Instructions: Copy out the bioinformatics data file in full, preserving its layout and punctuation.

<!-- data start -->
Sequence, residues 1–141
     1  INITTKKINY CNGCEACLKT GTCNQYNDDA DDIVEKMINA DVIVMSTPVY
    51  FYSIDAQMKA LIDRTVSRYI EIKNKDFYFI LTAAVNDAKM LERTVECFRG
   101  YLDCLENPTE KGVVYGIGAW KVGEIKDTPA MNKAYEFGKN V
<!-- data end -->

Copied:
Sequence, residues 1–141
     1  INITTKKINY CNGCEACLKT GTCNQYNDDA DDIVEKMINA DVIVMSTPVY
    51  FYSIDAQMKA LIDRTVSRYI EIKNKDFYFI LTAAVNDAKM LERTVECFRG
   101  YLDCLENPTE KGVVYGIGAW KVGEIKDTPA MNKAYEFGKN V